Thursday, November 21, 2013

DPW Spotlight Interview: Don Stewart

Each week we will spotlight a different DPW artist who will give away one of their best paintings.

To enter to win Don's painting, "Two Hues of Green" go to Daily Paintworks and click on the link at the top of the page announcing his interview.

From Don's DPW Gallery page:

Don has created an astounding amount of art in his life. For over twenty years, it's been for the illustration field and nearly one hundred of his paintings have been published as book covers for clients like HarperCollins, Macmillan, Moody Press, Pocket Books and Scholastic. Countless paintings have also been in magazines, advertising, children's books and textbooks. In addition, Don is a pioneer of digital painting methods and those, along with his digital paintings, have been featured in the last five consecutive editions of The Painter Wow! Book.

Since 2006, Don has devoted himself to creating works of fine art and that's what you'll find in this gallery. Everything here is painted from life, not photographs. He works in oils and is equally accomplished at painting people, landscapes and still lifes. Much of his fine art has been exhibited and is held in private collections.

Currently, Don divides his time between fine art, illustration and teaching. In addition, he hosts the ArtistChronicle channel on YouTube and writes the ArtistChronicle eNewsletter. He received his BFA degree from the University of North Carolina at Greensboro and currently lives in that city, which is centrally located in North Carolina's picturesque heartland.

Tell us a bit about how you first started painting.

About 30 years ago, I earned a BFA degree with a concentration in painting. I remember that it was my junior year when I determined what my major would be. Up to that point I had narrowed it down to music, psychology or painting. I didn't really excel at music and somehow I got the mistaken notion that I'd have to experiment on helpless little pigeons for a psychology degree - which didn't appeal to me at all.

At that time, I was taking an introductory drawing course, and so, decided to put my skills to the test. One evening, I made my way up the art building stairs to a classroom that was empty, except for its easels and still life set ups. I positioned my 18 x 24 inch newsprint pad onto an easel and with vine charcoal and kneaded eraser in hand, attempted to copy the still life before me. About two hours later, I emerged from the room - victorious! I had a knack for this drawing thing, it seemed. From that point on, I worked hard to hone those drawing and painting skills.

Two Hues of Green
(click to see original image)

Enter to win by clicking on the link at the top of the home page announcing Don's interview.

Did you have any stops and starts in your painting career?

Does an over twenty year stint freelancing as an illustrator count? Prior to that, fresh out of college, I worked briefly as a mechanical artist at a printing company. Then for four years as a preproduction illustrator at an advertising agency. It was only about seven years ago that I returned to Fine art and my painting career.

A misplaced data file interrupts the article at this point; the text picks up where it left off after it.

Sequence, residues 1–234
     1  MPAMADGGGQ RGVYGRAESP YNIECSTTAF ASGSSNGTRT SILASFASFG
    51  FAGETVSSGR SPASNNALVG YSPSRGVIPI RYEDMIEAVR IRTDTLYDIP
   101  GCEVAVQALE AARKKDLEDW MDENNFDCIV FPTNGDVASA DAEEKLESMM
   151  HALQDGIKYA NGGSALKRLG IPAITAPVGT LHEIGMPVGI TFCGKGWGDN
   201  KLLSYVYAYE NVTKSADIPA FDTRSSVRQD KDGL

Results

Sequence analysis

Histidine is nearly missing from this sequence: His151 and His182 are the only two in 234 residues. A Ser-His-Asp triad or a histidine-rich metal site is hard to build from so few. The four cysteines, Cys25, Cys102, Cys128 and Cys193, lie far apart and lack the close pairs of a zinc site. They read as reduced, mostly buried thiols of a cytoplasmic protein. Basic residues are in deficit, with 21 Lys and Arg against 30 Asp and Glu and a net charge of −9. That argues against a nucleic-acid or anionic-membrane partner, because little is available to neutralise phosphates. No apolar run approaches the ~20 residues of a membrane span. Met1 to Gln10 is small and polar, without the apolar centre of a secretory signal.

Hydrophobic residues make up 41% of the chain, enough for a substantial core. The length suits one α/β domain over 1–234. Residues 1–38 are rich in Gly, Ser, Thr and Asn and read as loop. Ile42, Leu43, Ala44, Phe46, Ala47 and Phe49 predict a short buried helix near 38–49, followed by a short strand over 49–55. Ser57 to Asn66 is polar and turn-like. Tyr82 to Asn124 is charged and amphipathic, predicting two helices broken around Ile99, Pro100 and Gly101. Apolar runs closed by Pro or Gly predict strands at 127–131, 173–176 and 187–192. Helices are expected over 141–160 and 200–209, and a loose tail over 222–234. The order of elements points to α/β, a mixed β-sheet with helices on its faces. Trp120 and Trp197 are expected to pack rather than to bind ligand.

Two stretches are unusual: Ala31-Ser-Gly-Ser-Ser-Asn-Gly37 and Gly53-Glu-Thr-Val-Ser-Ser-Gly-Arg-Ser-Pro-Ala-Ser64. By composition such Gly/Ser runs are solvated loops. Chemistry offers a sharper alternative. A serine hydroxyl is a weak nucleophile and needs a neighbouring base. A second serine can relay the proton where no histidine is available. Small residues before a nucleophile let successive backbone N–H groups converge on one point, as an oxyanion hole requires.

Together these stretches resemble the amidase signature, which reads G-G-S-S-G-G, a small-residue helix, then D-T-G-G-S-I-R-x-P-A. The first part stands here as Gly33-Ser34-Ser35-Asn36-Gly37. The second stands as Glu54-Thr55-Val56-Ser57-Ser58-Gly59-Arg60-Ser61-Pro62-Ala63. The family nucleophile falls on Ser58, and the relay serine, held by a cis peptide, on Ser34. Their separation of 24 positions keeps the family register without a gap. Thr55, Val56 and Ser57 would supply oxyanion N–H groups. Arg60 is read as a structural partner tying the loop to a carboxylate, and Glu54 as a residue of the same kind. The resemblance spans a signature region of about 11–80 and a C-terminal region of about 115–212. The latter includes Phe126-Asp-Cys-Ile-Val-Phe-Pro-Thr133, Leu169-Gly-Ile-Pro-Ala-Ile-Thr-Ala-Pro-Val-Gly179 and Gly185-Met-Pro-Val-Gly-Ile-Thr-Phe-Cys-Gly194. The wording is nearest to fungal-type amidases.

What mediums and genres have you experimented with?

Over the years I've experimented with many mediums. Egg tempera, gouache, watercolor, acrylics and oil to name a few. As an illustrator, most of my paintings were airbrushed acrylics with colored pencil. Any illustration work I do currently is digital and rendered on the computer.

No Shade for Chickens
(click to see original image)

Which ones have "stuck" and which ones have fallen away?

My favorite fine art medium is, and always has been, oil. As for genre, I haven't ever ventured too far from a representational style of painting. And I've usually stuck with traditional subject matter - still life, landscapes and people.

Which ones are you looking forward to exploring?

I'm planning to explore gouache in the near future as a way to expand and improve my oil painting technique. I plan to begin using it for color studies, too.

(click to see original image)

Who or what inspires you most?

I'd have to say that seeing the work of masterful artists inspires me the most. How can any representational artist ponder the paintings of John Singer Sargent or Richard Schmid, say, and not be inspired?

What does procrastination look like for you?

First, please excuse me while I take a break and brew a cup of yerba mate. I might add a little cocao powder and honey for a flavorful variation. Have you ever tried yerba mate? Are you a coffee or tea person? What about herbal tea? Why, yes, I do have time to chat a bit. I'll answer this question later.

Valerie's View from 59
(click to see original image)

What techniques work to ensure that you make time for your art?

Knowing that I'll be sharing my art through things like blogging, eNewsletters and Daily Paintworks helps motivate me to make time for it.

How do you generally arrive at ideas for your paintings?

Ideas come from things I see around me.

How do you keep art "fresh?" What techniques have helped you avoid burnout and keep your work vibrant and engaging?

I'm a perpetual student and am always looking for ways to improve my art.

Tangerines and Blue
(click to see original image)

What do you feel you are learning about right now as an artist?

Currently, I'm honing my drawing skills and am working towards being able to draw more from memory and imagination, rather than from observation, only.

What makes you happiest about your art?

Doing it! Creating it! I love to create things out of nothing. Oil painting is my favorite way, by far, to do that.

Thanks, Don!

© 2013 Sophie Marine

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